[Updated]Call Centers May Adopt Polarizing Google Duplex Service: Report

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Update 07/05: Google has confirmed it's not currently testing Duplex with any enterprise customers. A Google spokesperson said, "We're currently focused on consumer use cases for the Duplex technology and we aren't testing Duplex with any enterprise clients. As we shared last week, Duplex is designed to operate in very specific use cases, and currently we're focused on testing with restaurant reservations, hair salon booking, and holiday hours with a limited set of trusted testers. It's important that we get the experience right and we're taking a slow and measured approach as we incorporate learnings and feedback from our tests." End of update.

Call centers may be adopting Google's polarizing Duplex, an artificial intelligence service designed to hold natural phone calls with humans for the purposes of achieving a wide variety of goals on their owner's behalf, The Information reports, citing an unnamed source. Several major companies recently started testing Duplex in call centers and are also exploring other applications of the solution, the insider claims. One potential adopter of the technology is a well-known insurance company that has been particularly eager to toy with the idea of implementing Duplex into its call center operations, as per the same report.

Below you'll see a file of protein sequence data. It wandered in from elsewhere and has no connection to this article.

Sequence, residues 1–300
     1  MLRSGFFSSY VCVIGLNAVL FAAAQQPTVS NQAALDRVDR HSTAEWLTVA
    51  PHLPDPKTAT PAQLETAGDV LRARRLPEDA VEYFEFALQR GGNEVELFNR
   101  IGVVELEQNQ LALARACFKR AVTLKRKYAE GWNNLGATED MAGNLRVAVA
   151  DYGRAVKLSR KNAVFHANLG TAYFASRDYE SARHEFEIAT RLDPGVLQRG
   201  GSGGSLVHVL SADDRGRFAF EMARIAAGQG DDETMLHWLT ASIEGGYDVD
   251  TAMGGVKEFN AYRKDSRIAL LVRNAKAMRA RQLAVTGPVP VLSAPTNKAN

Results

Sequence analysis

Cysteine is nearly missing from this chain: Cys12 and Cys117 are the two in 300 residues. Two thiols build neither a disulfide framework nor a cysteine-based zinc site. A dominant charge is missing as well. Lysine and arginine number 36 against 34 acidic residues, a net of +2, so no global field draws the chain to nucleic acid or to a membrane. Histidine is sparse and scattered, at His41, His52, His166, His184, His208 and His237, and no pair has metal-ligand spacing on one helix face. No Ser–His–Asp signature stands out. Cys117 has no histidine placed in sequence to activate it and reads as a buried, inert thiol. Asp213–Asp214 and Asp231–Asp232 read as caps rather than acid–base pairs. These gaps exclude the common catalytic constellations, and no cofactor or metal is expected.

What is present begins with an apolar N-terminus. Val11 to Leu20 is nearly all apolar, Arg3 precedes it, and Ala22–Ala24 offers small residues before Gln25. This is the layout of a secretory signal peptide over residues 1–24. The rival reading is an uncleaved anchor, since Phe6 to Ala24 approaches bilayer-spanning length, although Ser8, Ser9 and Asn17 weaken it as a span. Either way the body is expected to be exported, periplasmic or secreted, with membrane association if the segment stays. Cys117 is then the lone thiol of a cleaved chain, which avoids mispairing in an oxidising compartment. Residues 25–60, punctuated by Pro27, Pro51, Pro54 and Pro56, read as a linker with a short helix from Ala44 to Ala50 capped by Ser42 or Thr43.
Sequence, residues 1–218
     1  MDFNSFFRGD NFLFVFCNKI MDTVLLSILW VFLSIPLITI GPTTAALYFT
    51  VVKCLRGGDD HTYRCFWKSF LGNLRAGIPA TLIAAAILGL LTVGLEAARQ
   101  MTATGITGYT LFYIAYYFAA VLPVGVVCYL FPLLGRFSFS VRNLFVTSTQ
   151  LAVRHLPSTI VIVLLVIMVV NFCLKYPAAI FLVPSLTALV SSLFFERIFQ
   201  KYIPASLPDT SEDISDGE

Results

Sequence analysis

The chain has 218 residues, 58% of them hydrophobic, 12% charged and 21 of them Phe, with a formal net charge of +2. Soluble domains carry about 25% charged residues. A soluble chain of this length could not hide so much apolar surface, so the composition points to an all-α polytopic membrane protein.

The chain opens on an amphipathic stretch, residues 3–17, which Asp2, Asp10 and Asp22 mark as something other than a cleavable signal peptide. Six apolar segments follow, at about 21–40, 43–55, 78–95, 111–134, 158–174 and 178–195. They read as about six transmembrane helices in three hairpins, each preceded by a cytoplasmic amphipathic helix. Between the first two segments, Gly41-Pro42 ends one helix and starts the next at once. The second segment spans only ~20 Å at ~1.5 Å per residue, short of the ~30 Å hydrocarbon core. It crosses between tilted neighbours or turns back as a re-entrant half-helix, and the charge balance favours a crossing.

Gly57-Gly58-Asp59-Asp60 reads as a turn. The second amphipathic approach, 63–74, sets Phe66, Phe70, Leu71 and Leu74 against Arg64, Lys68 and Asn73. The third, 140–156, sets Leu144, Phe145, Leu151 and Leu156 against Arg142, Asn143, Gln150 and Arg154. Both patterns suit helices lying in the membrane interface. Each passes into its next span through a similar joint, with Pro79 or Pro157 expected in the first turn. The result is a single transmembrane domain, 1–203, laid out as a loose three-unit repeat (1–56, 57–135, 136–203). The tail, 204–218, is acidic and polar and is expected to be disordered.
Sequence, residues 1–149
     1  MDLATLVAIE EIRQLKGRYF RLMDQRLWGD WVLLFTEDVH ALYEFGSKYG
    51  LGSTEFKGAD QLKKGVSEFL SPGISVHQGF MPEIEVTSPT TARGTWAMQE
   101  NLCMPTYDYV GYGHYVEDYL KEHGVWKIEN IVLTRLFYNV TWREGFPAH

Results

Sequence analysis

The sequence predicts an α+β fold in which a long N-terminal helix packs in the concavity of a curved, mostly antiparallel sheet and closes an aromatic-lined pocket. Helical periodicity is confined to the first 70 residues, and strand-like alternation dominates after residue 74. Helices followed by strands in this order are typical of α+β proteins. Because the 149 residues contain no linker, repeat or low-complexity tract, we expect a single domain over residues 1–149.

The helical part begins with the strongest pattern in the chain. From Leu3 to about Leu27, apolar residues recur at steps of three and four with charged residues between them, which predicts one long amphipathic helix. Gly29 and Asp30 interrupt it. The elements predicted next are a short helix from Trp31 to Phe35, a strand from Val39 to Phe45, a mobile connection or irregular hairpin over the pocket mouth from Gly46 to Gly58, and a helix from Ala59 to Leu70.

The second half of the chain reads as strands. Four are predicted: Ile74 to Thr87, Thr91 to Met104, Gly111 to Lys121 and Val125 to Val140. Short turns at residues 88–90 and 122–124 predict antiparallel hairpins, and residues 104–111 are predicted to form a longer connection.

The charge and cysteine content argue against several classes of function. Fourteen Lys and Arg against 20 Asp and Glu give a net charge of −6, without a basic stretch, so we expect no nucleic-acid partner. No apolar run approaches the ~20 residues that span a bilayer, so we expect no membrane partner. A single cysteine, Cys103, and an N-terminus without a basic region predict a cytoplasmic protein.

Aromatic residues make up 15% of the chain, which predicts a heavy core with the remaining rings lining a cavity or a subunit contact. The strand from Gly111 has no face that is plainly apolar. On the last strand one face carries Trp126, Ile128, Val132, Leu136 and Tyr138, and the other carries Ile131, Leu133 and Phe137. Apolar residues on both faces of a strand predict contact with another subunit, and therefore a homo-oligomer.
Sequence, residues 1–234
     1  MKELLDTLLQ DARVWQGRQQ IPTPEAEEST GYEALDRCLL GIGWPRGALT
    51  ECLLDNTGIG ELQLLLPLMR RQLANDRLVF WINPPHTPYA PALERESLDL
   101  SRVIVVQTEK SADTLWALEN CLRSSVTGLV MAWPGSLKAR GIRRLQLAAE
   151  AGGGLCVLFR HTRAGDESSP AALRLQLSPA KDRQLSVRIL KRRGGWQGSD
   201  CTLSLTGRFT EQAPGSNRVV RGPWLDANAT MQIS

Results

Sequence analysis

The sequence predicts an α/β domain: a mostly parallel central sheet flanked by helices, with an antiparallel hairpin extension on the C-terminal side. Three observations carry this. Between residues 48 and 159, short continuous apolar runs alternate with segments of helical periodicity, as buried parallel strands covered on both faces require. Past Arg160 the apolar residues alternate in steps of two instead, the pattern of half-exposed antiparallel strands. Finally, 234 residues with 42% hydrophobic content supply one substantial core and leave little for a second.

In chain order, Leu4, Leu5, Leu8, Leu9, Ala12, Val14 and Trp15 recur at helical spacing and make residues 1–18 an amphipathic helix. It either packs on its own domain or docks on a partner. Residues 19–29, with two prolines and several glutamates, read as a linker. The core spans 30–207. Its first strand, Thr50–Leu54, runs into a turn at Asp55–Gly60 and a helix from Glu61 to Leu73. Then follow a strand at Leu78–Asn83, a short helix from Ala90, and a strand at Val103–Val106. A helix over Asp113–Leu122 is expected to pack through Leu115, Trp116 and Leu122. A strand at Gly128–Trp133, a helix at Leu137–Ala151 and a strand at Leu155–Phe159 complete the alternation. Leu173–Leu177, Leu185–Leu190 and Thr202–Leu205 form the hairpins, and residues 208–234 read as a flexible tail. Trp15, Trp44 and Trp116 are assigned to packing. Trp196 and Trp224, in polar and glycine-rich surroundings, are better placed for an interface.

Numerous ethical questions raised by some industry watchers over the idea of having an AI mimic a lifelike conversation are understood to be keeping most of Google's potential partners careful with testing Duplex and no third-party, enterprise-level implementations of the service are expected in the coming months. While no specific timeframe has been provided, the claim that all firms that are presently testing Duplex are still in extremely early stages of doing so suggests B2B applications of the solution may not debut prior to 2019. The Mountain View, California-based tech giant announced Duplex with a stage demo at its annual Google I/O developer conference in May but only presented it as a service designed to act as an extension of Google Assistant and not an offering meant to be pitched to enterprises.

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One insider claims Google is specifically looking to pitch Duplex as a way for enterprises to automate some entry-level call center tasks, though it's presently unclear when that ambition became part of the project. Such a solution could provide the company with more firepower in its diversification push toward B2B services, a segment which presently only accounts for some three-percent of its annual turnover. Duplex will start being tested with limited businesses later this summer but the timing of its planned nationwide rollout is yet to be disclosed and possibly hasn't yet been determined as it's likely to depend on the results of the initial real-world application experiment.